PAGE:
and orders the officers to go in and start shooting. Many innocent
hostages die along with the criminal.
That would seem stupid, wouldn't it? After all, there have
been many instances when a hostage taker has been talked into
surrendering, meaning all the innocent people survived. Again,
other options are always there if talking fails. Call this "negotiation"
if you like, but generally the criminal is just shown that he'll
be more likely to survive if he turns himself in.
That last point is very important, because there is a gross
misunderstanding in many people's minds when it comes to "talking"
to terrorists and other bad types. The common impression is that
it means encouraging them in their pursuits by giving them credibility
or rewarding them in some way. This can happen, and certainly
history abounds with examples of appeasement leading to greater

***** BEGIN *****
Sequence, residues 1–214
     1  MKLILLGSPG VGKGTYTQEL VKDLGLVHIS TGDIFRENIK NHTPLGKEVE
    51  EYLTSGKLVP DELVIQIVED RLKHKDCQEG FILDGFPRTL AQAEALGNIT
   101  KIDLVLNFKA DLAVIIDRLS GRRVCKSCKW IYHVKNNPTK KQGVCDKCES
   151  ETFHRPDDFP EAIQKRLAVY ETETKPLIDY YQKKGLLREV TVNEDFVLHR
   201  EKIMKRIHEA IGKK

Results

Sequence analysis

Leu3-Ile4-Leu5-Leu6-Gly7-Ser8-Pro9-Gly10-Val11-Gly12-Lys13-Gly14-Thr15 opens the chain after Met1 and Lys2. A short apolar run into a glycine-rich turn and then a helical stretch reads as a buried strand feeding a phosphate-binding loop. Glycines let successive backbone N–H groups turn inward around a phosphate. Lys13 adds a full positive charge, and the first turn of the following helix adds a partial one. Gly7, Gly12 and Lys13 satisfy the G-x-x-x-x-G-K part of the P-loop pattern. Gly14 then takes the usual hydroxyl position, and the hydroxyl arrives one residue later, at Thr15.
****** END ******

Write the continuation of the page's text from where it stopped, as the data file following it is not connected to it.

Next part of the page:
crimes. But it's not the only possible outcome.
Also, choosing when to confront evil actions - and when not
to - is not appeasement. You are not supporting or agreeing with
the man who mugs you at gunpoint just because you hand over your
wallet. There is a better time, place and way to deal with such
a crime, and the same is often true in international affairs.
Talking to Terrorists - Three Reasons
1. Talking prevents misunderstandings that lead to greater
harm. Even if we will eventually have to fight, isn't it better
to avoid those battles which are unnecessary? If a mugger incorrectly
thinks you said something insulting to him and so wants to hurt